Drug abuse is growing rampantly across the county including in La Crosse.
In 2013, more Wisconsin residents died of drug overdoses than from car crashes, suicide, breast cancer and colon cancer.
Opioid pain relievers contributed to 45 percent of the 843 drug overdose deaths in 2013, while heroin contributed to 27 percent.
On Monday local lawmakers joined a discussion at the UW-La Crosse, including students and community members, about the public health issues plaguing the community. Drug abuse was one topic addressed.
By now it's no secret that drug abuse is growing problem in the Coulee Region. Coulee Council on Addiction deals with it every day.
"Addiction looks like you, it looks like me, it looks like young people in their teens, it looks like an every day person," Cheryl Hancock, executive director of Coulee Council said. While people are more aware of the problem, she said it is still not a solution.
"People still continue to struggle, though. We are nowhere near having solved the issue or the fight of addiction," Hancock said.
Lawmakers say the are making headway, bringing change to they way communities handle drug abuse.
"We have done some good changes and investments in some of the prescription drugs and opiate challenges we have here," Senator Jennifer Shilling, (D) La Crosse, said.
La Crosse County's Heroin and Other Illicit Drugs Task Force started in the summer or 2013 and it's impact is visible.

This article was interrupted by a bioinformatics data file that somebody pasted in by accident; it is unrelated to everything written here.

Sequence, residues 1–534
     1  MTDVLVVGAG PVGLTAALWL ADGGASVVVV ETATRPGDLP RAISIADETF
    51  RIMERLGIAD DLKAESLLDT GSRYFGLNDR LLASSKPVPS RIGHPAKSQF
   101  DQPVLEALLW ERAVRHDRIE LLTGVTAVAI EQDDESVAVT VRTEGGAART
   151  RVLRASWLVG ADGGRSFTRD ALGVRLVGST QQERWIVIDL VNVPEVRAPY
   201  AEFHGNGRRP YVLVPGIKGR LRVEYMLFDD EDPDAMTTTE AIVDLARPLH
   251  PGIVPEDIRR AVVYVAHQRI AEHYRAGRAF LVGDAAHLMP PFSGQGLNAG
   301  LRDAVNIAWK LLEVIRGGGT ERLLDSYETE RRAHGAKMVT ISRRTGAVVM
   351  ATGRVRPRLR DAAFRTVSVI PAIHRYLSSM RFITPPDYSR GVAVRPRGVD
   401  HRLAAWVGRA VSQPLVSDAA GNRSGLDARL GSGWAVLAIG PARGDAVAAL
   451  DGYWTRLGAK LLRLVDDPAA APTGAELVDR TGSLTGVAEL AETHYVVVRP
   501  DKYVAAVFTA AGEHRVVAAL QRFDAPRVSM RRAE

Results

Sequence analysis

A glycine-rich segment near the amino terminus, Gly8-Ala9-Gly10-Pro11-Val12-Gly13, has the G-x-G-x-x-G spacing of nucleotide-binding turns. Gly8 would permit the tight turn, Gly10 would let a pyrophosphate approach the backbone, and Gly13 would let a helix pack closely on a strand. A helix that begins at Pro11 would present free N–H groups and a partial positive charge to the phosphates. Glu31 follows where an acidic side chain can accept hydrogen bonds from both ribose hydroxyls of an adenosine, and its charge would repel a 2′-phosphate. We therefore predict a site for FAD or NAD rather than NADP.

"Law enforcement, if they come to a scene and see prescription drugs there that they are reporting to the physician and a statewide database what they are finding as well as allowing for immunity for people who are if they are at a scene and something happens they can come forward and report," Shilling explained some of the progress that comes from legislation.
Shilling also credit the task force for its work with law enforcement, heath providers and first responders.
The task force reports in 2012 there were 20 drug related deaths in La Crosse County. Ten of the deaths were heroin related and ten were other prescription and illicit drugs.
In 2015, the task force said only one death was heroin related and five were prescription and other illicit drugs.
While deaths are down, hospitalizations are not. The task force said in 2014 Gundersen Health System saw over 1,000 drug related hospitalizations.
Coulee Council argues there is more to be done to combat addiction.
"There are barriers right now to treatment and to people getting into a treatment program, financial and other barriers and I think we as a community need to have that conversation about how can we best make sure that young people's lives are protected." Hancock said now that the community has acknowledged there is a problem, it's time to step up a support those who are struggling with this disease.
Hancock said one of the major barriers for helping those struggling with addiction is getting people into a treatment program.
"Financial resources for people to get that help is also a hurdle because inpatient treatment is not covered for people under medicaid in the state of Wisconsin," she said, "You go across the river to Minnesota and they have a much more progressive policy about drug and alcoholism treatment."